The Bees' Needs: Engaging Citizens in Bee Research
Deane Bowers’ fascination with insects began with butterflies, but she soon spread her wings to embrace other “bugs.” As curator of entomology at the University of Colorado Museum of Natural History and professor of ecology and evolutionary biology, Bowers is always looking for ways to make entomology more accessible to the public. She offers homemade, chocolate chip and mealworm cookies to students as an end-of-the-semester snack, but luckily inviting the public to participate in bee research is an easier sell. The Bees’ Needs project aims to engage the public and to educate volunteers about beloved bees.
“People love bees, yet there is a lot of incorrect public information about bee decline,” Bowers said. “Bee declines are a reality, and this project is a way to address that. Part of our job at the Museum of Natural History is to engage the public in science. The Bees’ Needs project has been an incredible way to involve the public in entomology and citizen science.”
There are more than 900 bee species in Colorado and more than 550 species in the Boulder area. Alexandra Rose, the Museum of Natural History’s citizen scientist coordinator, and Virginia Scott, the museum’s entomology collections manager and native bee expert, helped create The Bees’ Needs to involve the public in studying what community characteristics determine where bee species live so that scientists can better understand population declines.
In The Bees’ Needs, the public act as citizen scientists who share in data collection and discoveries about Colorado’s native bees. The project furnishes birdhouse-sized “bee blocks” for volunteers to install in their yards. The wooden blocks are drilled with 40 holes in various sizes to provide enticing homes for solitary, woodnesting bees. Volunteers provide information about their yard and neighborhood, and they document what materials — plant fibers, mud, pebbles, etc. — they observe bees using to build their nests. The nesting materials help researchers identify what species are present and where they live.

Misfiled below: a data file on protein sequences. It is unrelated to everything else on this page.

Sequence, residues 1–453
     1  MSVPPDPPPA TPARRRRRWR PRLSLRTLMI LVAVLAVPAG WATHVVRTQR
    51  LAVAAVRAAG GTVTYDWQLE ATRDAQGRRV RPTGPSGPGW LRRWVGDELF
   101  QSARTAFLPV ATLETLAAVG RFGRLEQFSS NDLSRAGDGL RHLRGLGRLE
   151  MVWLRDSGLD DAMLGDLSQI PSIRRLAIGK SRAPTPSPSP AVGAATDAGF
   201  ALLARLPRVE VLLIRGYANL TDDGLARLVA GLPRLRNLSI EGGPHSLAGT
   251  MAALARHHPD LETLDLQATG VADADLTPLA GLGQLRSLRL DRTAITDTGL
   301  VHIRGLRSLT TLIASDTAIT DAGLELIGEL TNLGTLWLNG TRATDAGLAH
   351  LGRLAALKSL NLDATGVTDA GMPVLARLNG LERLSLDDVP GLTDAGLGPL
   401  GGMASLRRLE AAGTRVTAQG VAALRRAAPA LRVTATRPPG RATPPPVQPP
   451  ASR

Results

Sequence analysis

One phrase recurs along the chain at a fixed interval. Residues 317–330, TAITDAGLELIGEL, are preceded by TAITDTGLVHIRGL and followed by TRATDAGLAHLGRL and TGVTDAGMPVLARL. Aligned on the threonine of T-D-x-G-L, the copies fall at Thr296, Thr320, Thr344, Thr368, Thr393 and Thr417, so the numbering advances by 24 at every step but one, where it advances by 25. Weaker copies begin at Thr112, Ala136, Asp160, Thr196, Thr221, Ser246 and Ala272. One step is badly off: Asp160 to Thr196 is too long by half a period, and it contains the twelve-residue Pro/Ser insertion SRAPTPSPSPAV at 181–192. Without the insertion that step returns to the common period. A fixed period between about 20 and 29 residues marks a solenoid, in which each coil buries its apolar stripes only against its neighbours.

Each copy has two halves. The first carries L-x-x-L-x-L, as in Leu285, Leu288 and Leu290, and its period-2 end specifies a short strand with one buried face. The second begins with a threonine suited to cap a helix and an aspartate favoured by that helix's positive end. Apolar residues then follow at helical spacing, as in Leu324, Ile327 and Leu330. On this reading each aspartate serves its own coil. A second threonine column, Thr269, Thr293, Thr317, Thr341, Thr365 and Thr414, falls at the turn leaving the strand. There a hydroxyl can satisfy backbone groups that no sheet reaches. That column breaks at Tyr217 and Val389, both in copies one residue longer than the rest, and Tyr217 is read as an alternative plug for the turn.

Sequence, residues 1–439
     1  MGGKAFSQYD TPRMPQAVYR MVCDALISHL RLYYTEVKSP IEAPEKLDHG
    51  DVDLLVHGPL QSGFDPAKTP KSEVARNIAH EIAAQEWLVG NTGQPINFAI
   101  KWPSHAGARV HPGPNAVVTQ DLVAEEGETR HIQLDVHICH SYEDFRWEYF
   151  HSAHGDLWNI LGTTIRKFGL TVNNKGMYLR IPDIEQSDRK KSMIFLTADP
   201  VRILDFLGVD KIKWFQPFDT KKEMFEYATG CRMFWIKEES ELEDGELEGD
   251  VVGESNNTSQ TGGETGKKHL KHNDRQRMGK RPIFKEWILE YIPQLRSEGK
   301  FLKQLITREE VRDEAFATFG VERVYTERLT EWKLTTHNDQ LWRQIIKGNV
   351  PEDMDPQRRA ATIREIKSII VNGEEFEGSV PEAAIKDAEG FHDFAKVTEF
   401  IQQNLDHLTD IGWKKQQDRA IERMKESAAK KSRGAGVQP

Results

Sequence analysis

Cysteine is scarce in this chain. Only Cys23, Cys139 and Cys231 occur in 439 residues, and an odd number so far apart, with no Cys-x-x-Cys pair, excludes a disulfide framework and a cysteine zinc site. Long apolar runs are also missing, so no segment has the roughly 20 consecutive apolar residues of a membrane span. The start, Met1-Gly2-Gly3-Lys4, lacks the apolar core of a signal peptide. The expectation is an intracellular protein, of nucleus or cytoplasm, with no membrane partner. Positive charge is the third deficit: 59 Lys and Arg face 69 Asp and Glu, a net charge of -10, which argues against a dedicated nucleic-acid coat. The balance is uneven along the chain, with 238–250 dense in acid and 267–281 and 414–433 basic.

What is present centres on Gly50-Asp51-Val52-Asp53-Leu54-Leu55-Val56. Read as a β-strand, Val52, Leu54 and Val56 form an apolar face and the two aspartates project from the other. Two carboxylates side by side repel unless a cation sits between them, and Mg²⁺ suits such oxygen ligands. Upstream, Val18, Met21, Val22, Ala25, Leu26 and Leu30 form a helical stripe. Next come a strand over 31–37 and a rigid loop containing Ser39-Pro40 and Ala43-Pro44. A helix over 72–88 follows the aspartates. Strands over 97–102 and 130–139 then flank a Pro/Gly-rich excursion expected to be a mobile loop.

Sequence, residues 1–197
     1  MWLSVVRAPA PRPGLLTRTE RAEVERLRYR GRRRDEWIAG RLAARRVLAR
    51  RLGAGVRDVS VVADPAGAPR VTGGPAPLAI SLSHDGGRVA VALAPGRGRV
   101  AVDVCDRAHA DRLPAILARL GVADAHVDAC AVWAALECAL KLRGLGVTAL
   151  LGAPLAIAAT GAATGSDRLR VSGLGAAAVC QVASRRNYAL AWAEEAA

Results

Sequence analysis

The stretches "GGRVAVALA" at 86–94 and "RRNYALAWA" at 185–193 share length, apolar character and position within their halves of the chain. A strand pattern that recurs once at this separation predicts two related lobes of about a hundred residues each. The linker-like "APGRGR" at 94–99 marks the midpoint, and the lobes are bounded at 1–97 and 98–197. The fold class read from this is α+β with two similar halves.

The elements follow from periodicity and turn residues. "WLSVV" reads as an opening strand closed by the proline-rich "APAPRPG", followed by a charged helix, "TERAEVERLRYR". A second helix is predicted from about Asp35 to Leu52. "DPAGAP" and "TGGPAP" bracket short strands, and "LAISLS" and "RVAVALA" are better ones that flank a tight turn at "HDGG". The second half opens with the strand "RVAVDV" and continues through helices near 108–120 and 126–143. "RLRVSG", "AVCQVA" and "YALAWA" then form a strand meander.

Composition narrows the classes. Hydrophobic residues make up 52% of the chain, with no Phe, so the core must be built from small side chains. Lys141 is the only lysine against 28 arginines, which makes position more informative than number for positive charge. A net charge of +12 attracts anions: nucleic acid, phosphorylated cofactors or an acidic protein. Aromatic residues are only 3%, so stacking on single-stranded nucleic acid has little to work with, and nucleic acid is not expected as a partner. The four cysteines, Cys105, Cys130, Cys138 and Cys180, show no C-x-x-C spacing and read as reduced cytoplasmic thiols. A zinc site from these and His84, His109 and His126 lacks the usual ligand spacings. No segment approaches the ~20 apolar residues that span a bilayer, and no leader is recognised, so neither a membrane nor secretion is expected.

Since the program’s launch in spring 2013, Rose and Scott have led workshops that not only teach volunteers how to collect data but also address common misinformation about bees.
“I see a lack of knowledge about bees but not a lack of interest,” Scott said. “Most people are surprised to find out that bees are not all social and that most are solitary insects. They come in all different sizes and all different colors: black, green, red.”
The Bees’ Needs project has been so popular that the organizers quickly met volunteer recruitment goals in 2013 and a waitlist is in effect for 2014 volunteers. However, the program continues to expand the citizen-science model to K-12 educators and classrooms.
With support from the CU-Boulder Outreach Committee, The Bees’ Needs is partnering with CU-Boulder’s Biological Sciences Initiative (BSI) and ScienceLIVE to develop classroom curricula for 4th-12th grade teachers. Together, the programs are developing teacher workshops, web tools, blogs, and webinars that allow classrooms and citizen scientists to connect with CU scientists.
These new developments will allow organizers to spread bee identification to other areas of the state and engage diverse populations that are often underrepresented in the sciences. Involving K-12 classes, educators, and citizen scientists in The Bees’ Needs will strengthen the scope of the data and broaden the public’s understanding of the important role that pollinators play in our local ecosystems, Rose said.
“The citizen-science model is significant from a scientific perspective, because it offers us the ability to gather samples that are geographically and numerically not possible otherwise,” she said. “Socially, citizen science allows us to subtly and not-so-subtly offer education and outreach to the public. People respond to scientific messages when they are part of the process.”
For more information about the program, visit http://beesneeds.colorado.edu.
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